Staunton, October 20 – Almost all discussions about Crimea have talked about it as a single whole and thus considered its future either as being entirely in the Russian Federation or entirely in Ukraine, but in fact, there are two Crimeas, Yevgeny Ikhlov argues, and that could be the basis for a settlement of a kind.
In an article on Vestnikcivitas.ru over the weekend, the Moscow commentator argues that “the simplest variant” of resolving the Crimean dispute “from the point of view of international law” is to “formally return Crimea to Ukraine but keep it under the control of the United Nations” until a referendum can be held (vestnikcivitas.ru/pbls/3556).
But there is a problem with this: “In Crimea there are two subjects of national self-determination: the Russians and the Crimean Tatar people,” and there might even be a third if the ethnic Ukrainians living there become more active and seek a separate status for themselves rather than simply the reintegration of the peninsula in Ukraine.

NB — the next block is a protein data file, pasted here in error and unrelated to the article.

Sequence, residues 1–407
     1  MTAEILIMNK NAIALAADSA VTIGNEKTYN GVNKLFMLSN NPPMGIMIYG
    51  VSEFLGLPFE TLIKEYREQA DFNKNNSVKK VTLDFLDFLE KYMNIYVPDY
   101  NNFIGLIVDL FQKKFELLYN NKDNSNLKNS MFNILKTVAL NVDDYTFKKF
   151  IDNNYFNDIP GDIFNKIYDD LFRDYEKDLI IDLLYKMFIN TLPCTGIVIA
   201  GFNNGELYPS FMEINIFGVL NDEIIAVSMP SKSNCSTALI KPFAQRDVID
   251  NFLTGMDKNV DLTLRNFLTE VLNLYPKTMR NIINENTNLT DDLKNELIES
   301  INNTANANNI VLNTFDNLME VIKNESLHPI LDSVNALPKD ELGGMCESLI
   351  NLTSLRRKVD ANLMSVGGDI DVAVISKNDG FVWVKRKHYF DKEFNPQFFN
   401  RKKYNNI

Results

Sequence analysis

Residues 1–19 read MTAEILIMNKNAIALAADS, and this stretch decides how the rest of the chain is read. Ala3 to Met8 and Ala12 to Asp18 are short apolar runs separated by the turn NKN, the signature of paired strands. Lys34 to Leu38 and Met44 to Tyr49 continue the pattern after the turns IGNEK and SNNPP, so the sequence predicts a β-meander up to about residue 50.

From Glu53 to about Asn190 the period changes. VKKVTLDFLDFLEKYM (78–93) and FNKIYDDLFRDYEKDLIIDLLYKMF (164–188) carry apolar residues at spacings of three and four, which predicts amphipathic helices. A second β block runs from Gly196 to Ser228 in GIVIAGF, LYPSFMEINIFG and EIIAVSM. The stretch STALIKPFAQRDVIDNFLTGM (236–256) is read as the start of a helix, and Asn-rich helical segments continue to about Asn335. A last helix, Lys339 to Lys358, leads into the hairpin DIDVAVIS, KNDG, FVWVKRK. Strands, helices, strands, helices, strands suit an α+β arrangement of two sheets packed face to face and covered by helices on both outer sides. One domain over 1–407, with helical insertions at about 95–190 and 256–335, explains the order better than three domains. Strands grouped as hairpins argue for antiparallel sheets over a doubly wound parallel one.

“The Russians,” Ikhlov points out, “as an ethnic group” form “the majority” of Crimea’s population “like the Albanians in Kosovo,” but they have Russia where “their right to national self-determination” has been realized while “the Crimean Tatar people has no other place on earth for the realization of its rights.”
“Like Palestine, Crimea is a land of two peoples, and there ought to be two state formations, two autonomies or two cantons, if you like,” he continues. Keeping them in one state formation, regardless of its subordination, will simply mean, Ikhlov says, that the Russians will oppress the Crimean Tatars and deny them their rights.
Consequently, he suggested that there ought to be two UN-supervised referenda, one for the larger portion of the peninsula where Russians predominate and a second in those parts of the territory where the Crimean Tatars do. That would reflect “a just and legal position: two peoples, two self-consciousnesses, and two acts of self-determination.”
Such a division would lead to the tragic division of Crimea, “like what has happened in Crimea, in Ireland, in Kosovo, in Bosnia and in Karabakh. Two borders and two walls,” with all the paraphernalia those involved. And it almost certainly would be opposed at least initially by Moscow, Kyiv and the two peoples of Crimea.
But unfortunately, Ikhlov concludes, that is “the price of the crude violation by Putin of the shaky ethnic and civil balance in Crimea and in Ukraine in March 2014.”
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